Cory Arcangel‘s Super Mario Clouds is one of the most iconic animated GIFs today and, in fact, has become a favorite background choice on the blog I run, Art F City. These clouds come from Nintendo’s Super Mario Brothers game, and relate to Arcangel’s early work hacking Nintendo games. Like many GIFs, this one is best viewed when tiled; a seamless page full of clouds is far more visually appealing than an isolated cube. Either way, the simple beauty of this sky paired with a now-dim nostalgic memory makes this GIF extremely effective.
Paper Rad is a now-disbanded art collective that was split between Pittsburgh and Providence and had three members; Jacob Ciocci, Jessica Ciocci, and Ben Jones. Their website, which was launched in the early 2000s, is a maze of linked images, blinking GIFs, and bright colors. Paper Rad refers to that trademark look as “Dogman 99,” a reference to Danish filmmaking movement Dogme 95. According to the collective, their style guide mandates the following: “No Wacom tablet, no scanning, pure RGB colors only [an additive color model which begins with red, green and blue light], only fake tweening, and as many alpha tricks as possible.”
The GIFs above were not made with artistic intent, but collected by artists who found artistic interest in them. Occasionally, artists would enlarge small GIFs. This particular collection was put together by artist Tom Moody in 2003, and further edited by yours truly for this list. I am particularly interested in Bunchies, Roel Van Mastbergen’s running green llama-like creature, for its Botox-like smile.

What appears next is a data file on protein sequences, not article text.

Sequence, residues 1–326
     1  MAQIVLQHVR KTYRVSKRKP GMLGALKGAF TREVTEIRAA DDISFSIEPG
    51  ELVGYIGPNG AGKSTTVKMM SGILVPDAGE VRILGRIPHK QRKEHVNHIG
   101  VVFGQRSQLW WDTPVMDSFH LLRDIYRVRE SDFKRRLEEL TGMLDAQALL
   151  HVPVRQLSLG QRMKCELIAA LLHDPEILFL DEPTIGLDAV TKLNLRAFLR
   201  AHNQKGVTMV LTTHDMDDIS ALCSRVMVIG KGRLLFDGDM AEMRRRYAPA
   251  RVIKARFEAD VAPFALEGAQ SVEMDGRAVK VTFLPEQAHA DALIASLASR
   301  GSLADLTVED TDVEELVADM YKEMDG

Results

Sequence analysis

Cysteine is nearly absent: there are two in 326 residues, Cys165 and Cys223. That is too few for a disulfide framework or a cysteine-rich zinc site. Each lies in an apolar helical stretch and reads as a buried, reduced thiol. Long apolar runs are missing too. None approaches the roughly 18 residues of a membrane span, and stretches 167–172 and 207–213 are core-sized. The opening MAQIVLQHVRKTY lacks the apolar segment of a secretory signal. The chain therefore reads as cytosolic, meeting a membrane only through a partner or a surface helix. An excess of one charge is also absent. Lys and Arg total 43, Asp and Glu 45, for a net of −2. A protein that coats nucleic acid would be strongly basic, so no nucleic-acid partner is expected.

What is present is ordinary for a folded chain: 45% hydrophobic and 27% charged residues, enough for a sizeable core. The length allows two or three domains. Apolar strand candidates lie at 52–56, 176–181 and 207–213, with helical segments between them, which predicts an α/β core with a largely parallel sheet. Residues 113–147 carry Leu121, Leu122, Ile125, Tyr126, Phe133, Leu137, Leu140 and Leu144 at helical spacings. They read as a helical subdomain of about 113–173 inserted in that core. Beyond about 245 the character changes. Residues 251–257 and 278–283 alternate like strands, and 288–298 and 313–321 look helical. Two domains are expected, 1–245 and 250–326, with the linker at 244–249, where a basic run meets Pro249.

The year 2003 was a busy one for the animated GIF. MySpace was founded that year and quickly became a platform that was for the dissemination and exchanging of GIFs.
The throbbing lines of Moody’s OptiDisc create a hypnotic effect. As I have written previously, “Like much of his work, the image embodies the ideals of modernism, generating a push-and-pull between emotional awe and reason. Their emotive qualities last only as long as Moody allows a reverence for technology—in Moody’s world modernism is only an afterimage, its spirit eventually replaced by mechanical functionality.” It’s significant that this work is among the first GIFs meant to be displayed both online and in the gallery. It was first exhibited at Paul Slocum’s And Or gallery in 2006.
If GIFS were once known merely as “those annoying blinking things,” Kevin Bewersdorf‘s Mandala takes that reputation and amplifies is a thousand times. The GIF shows Kevin Bewersdorf meditating, surrounded by bouncing, twirling, blinking, swirling, waving, and gyrating GIFs. What makes this GIF so remarkable is that it incorporates hundreds of independently moving found GIFs with very little compression (a technical accomplishment achieved with the help of Paul Slocum), allowing the artist to depict each component with great clarity. The original piece was displayed as a full-screen video, but the smaller GIF version is still amazingly detailed.
Stay tuned for parts two and three of Paddy Johnson’s history of GIF art.Follow artnet News on Facebook.